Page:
Though the Government has put up a brave face, it cannot dispel the fears that the Tatas themselves might leave them in the lurch. Already, the Orissa Government has tried to woo them by offering land. In a press conference, Tata Motors MD Ravi Kant, while reassuring that they wouldn't move out of Bengal, said, "The Bengal Government offered us a choice of six plots. We picked the Singur land because it was the best on offer." Last week, a Tata Motors showroom in Kolkata was vandalised allegedly by Maoists, who are also held responsible for the December 2 scuffle with the police in Singur that led to mass arrests and lathicharge.

Singur has put the Left Front in great dilemma. Fearing a bitter and long battle over the issue with their fellow travellers from within the front and outside, issuing clarifications was the best they could do. Earlier, CPI(M) General Secretary Prakash Karat had said that amending the land acquisition laws in West Bengal was a step in the right direction. Ultra Left parties like the CPI(M-L) have however warned the CPI(M) of dire consequences if the Tata project is implemented. The Bhattacharya administration has, in the meantime, prepared a detailed report on the status of the project, claiming that 9,020 land owners and sharecroppers have already been compensated with only 3,000 more remaining. While the basic sale price of land was Rs 6.02 lakh per acre, the state Government bought each acre at Rs 8.60 lakh. So far it has disbursed Rs 76.64 crore.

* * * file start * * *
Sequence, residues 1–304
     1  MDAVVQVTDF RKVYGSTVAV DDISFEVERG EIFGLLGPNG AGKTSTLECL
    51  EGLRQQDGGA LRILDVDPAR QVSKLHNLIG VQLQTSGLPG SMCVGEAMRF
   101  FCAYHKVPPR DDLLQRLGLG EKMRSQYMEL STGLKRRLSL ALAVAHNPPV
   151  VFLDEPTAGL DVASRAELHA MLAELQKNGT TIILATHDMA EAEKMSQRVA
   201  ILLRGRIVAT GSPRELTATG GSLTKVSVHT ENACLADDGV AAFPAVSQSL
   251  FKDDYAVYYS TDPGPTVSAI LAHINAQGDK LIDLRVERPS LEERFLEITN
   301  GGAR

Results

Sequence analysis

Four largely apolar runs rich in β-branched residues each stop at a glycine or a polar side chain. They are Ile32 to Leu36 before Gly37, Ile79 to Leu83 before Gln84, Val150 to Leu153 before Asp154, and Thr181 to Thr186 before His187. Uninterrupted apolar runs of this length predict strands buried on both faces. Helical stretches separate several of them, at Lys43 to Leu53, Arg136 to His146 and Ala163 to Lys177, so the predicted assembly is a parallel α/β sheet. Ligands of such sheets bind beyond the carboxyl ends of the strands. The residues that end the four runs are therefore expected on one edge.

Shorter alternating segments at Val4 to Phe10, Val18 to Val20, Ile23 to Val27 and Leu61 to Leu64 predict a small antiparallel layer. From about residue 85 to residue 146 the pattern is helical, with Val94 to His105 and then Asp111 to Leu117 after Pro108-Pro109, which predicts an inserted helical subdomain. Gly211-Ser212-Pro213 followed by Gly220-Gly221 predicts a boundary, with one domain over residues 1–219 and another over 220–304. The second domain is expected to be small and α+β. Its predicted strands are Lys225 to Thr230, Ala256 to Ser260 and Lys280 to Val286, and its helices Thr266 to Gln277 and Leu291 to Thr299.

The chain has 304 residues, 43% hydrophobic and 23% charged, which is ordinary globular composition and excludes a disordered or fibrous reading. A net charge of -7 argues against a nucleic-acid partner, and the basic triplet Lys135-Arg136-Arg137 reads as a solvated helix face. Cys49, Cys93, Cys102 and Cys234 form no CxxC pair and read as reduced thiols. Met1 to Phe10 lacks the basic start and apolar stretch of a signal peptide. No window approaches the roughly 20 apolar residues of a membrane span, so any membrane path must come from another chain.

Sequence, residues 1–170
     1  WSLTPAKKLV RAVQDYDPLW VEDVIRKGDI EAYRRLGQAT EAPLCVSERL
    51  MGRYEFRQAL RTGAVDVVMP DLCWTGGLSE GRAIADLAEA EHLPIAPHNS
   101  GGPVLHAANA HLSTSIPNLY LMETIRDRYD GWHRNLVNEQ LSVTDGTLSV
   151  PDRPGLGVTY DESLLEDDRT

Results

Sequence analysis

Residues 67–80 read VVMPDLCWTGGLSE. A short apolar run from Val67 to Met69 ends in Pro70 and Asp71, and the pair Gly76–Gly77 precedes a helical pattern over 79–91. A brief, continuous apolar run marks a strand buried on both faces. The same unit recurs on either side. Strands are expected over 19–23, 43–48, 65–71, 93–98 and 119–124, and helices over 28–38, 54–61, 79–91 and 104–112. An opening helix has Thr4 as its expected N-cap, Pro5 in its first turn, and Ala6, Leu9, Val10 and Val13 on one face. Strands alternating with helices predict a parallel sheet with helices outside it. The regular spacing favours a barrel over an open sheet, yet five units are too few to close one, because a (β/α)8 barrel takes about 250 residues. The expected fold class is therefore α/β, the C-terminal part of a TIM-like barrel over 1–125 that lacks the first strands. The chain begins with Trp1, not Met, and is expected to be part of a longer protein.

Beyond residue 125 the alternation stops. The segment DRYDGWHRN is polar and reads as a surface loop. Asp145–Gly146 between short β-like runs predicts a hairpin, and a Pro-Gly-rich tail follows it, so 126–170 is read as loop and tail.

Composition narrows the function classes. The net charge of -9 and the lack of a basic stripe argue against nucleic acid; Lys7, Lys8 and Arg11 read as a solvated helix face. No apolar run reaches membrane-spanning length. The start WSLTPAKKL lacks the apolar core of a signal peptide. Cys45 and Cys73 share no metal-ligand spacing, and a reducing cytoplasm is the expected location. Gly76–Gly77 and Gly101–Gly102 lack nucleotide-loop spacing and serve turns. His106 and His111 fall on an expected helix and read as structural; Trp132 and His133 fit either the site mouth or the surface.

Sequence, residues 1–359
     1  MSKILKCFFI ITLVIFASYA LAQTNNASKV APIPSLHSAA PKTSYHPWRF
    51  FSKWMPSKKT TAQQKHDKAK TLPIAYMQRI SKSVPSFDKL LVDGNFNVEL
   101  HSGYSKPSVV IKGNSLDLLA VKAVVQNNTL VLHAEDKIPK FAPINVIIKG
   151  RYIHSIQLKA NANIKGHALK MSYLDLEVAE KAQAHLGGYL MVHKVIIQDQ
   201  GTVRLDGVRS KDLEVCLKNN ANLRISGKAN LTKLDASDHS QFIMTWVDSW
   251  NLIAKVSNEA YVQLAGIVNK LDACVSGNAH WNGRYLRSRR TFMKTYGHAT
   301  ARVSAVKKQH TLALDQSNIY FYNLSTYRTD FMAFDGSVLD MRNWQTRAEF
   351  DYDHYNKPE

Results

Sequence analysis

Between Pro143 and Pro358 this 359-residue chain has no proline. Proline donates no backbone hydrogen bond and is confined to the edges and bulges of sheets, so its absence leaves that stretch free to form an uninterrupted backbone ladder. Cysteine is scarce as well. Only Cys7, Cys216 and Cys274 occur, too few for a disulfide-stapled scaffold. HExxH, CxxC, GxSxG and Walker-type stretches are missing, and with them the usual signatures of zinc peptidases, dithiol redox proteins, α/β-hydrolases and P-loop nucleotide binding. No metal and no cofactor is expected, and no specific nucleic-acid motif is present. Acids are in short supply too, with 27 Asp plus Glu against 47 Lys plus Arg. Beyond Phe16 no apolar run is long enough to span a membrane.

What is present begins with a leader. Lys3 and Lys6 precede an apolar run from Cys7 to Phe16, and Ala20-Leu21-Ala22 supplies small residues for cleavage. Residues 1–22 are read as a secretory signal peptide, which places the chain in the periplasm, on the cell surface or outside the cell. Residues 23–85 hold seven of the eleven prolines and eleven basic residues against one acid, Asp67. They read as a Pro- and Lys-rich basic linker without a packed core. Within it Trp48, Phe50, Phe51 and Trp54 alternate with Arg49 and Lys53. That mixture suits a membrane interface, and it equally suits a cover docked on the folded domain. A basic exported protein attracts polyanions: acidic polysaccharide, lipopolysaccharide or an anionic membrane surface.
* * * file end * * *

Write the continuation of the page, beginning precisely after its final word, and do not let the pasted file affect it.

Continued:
For now, resurgent Bengal seems to be haunted by the old days of bandhs, rallies, mass protests and police atrocities. But Bhattacharya is adamant: "The land will be given to the Tatas on the scheduled date (December 20)." But then, close to his office at Writers' Building, he must have heard Banerjee on the microphone shouting. "Buddhababu, rokto debo, kintu jomi debo na (We'll give our blood, but not our land)." She has set December 15 as a deadline for the Government to reconsider the Singur decision. One just has to wait and see if economic logic can overcome political posturing.

-with Satarupa Bhattacharjya

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INDIA TODAY - The most widely read newsweekly in South Asia.
CURRENT ISSUE
DECEMBER 25, 2006
 IN THIS ISSUE
COVER STORY

Sensational. Shocking. Tabloid. Exclusive. Tamasha News

OTHER STORIES
 

Getting Personal

Hanging in the Middle

Why We Should Go Ahead

Against National Interest

Ending the Isolation

Internal Injury

Withering Away

Investment Speedbreaker

Deep Waters

Southern Express

For Home, A Fistful Of Dollars

Life After 14k Surviving The Ride

Dancing On Safe Ground

The Grassland's Great Hope

Outclassed, Outrun

Divisional Managers

Sales Pitch

Mate Value